Jerry Byrd

byrdByrd’s Expedition

Richard Weize Archives

At 30 tracks, “Byrd’s Expedition” is the second-longest (after a five-disc Bill Monroe box) of 20 or so releases to date from the boutique startup launched last year by Richard Weize, founder of Germany’s highly regarded country/rock ‘n’ roll reissue label Bear Family.

Spotlighting the early recordings of perhaps the greatest lap steel player, the compilation draws on Jerry Byrd’s instrumentals for Mercury from 1949 through 1954, focusing mostly on country songs but also including recordings in the Hawaiian genre, which the guitarist later almost exclusively worked in. Byrd’s ax of choice during this period was a Rickenbacker Electro seven-string lap steel (except for a six-string model used on the first few numbers), made of a plasticlike material called Bakelite.

“Expedition” is curated by award-winning music historian/collector Dave Samuelson of Battle Ground, Ind., who also provided (with some assistance from Swedish collector Lars Lundgren) original discs that were used when master tapes and/or copies of masters could not be located or were unsuitable.

Christian Zwarg of True Sound Transfers, a shellac expert, remastered the archive material provided by Universal as well the 78s, 45s and LPs provided by collectors, most of which he also transferred.

These are Byrd’s first recordings as a soloist and virtually all are credited to Jerry Byrd and the String Dusters, with about half recorded in Cincinnati (1949-51) and half in Nashville (1952-54, often featuring Chet Atkins on lead guitar).

Many originated as singles that became part of compilations such as 1952’s “Guitar Magic” and 1958’s “Steel Guitar Favorites”;  others were recorded expressly for 10-inch LPs such as 1950’s “Nani Hawaii” and 1953’s “Byrd’s Expedition” (whose title song was written for Byrd by Jethro Burns).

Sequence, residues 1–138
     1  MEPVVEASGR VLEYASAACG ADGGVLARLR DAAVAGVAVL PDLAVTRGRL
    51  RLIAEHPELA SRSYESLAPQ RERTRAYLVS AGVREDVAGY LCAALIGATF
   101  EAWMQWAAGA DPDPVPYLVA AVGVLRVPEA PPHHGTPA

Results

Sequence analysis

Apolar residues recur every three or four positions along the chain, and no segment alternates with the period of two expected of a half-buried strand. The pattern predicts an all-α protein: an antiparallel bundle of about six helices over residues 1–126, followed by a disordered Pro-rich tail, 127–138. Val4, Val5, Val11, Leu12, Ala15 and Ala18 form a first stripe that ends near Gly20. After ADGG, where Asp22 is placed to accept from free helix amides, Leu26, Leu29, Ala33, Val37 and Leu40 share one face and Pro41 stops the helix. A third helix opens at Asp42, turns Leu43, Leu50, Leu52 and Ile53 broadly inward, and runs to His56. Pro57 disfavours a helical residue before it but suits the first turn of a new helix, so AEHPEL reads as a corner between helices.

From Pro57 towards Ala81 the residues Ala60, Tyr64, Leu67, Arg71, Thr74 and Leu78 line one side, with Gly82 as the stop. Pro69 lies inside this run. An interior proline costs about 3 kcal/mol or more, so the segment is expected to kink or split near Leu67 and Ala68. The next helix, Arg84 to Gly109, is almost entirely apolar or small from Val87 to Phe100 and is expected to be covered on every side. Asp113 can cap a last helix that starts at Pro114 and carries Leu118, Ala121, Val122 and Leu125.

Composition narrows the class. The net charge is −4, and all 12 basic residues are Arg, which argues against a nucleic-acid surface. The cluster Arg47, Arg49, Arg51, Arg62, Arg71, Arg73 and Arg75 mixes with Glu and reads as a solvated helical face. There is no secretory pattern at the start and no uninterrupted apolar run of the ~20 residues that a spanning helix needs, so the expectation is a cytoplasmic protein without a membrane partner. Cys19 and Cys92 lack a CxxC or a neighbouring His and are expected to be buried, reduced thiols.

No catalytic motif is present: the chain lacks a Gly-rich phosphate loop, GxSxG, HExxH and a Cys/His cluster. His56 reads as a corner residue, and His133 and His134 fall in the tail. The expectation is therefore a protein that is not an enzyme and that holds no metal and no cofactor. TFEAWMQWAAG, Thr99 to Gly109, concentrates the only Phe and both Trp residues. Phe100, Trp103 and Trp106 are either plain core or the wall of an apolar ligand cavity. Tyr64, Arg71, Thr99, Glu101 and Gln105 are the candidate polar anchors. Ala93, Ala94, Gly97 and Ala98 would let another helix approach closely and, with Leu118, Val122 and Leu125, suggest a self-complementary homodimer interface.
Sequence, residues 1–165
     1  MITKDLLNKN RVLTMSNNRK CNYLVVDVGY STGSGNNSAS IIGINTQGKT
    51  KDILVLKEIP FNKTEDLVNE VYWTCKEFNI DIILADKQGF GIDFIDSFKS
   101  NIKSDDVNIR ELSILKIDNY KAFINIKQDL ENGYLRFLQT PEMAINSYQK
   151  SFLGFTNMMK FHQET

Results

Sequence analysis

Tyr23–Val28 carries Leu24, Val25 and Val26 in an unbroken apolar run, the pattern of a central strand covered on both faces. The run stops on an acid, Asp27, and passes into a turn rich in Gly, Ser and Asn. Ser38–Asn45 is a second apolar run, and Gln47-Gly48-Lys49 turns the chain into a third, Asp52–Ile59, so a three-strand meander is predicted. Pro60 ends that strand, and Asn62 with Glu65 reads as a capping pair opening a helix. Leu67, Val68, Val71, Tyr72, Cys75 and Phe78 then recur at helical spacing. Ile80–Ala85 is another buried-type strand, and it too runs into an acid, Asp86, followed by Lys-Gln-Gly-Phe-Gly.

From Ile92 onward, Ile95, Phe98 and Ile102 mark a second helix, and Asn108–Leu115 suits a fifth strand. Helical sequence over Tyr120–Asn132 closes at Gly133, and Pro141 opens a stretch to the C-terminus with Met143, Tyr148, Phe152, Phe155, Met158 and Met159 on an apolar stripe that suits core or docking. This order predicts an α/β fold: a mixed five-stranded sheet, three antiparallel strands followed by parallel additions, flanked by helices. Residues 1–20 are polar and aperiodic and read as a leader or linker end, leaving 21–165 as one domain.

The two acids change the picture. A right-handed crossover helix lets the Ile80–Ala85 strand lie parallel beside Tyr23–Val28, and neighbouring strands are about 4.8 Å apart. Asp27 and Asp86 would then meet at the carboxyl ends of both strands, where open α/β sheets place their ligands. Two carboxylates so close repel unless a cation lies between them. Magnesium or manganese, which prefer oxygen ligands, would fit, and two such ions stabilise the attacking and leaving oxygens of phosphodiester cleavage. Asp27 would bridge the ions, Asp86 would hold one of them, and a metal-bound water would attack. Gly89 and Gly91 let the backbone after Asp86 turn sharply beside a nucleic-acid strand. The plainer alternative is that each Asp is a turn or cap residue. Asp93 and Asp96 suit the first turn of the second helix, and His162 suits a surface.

Good New Music caught up with Zwarg and asked him about the source material:

“The majority of the material was provided to me in digital format, some tracks from Universal archives, others from collectors,” he said by email.

“… Some of the earlier (master tapes), however, turned out to be analog dubs from disc masters, probably made in the 1960s when these tracks were first issued on LP. I did not use all of those, because modern digital dubs from these discs in a few cases gave better sonics — many of the old tape dubs had been “improved” with an extra layer of reverb, and we avoided these. Other, slightly later recordings were indeed master tapes in the usual sense of the word, and yet other titles were only available as vintage 78- and/or 33⅓-rpm discs.

“… I did not use any digital noise reduction, just declicking/decrackling for the disc sources and careful EQ adjustment, to faithfully preserve the original sonic ambience of the tracks. You invariably lose some detail with any kind of single-end denoising. To not denoise, unless absolutely inevitable to achieve listenable quality on very poor sources, is standard practice both at my studio and for the RWA label.”

Producer Dave Samuelson offered some insight into the genesis of the project:

“I’ve been part of Bear Family’s stable of writers for nearly 30 years,” he told GNM in an email. “I pestered Richard Weize about compiling a comprehensive Jerry Byrd box for years, especially while the steel guitarist was alive and could provide valuable insight into the sessions and musicians.”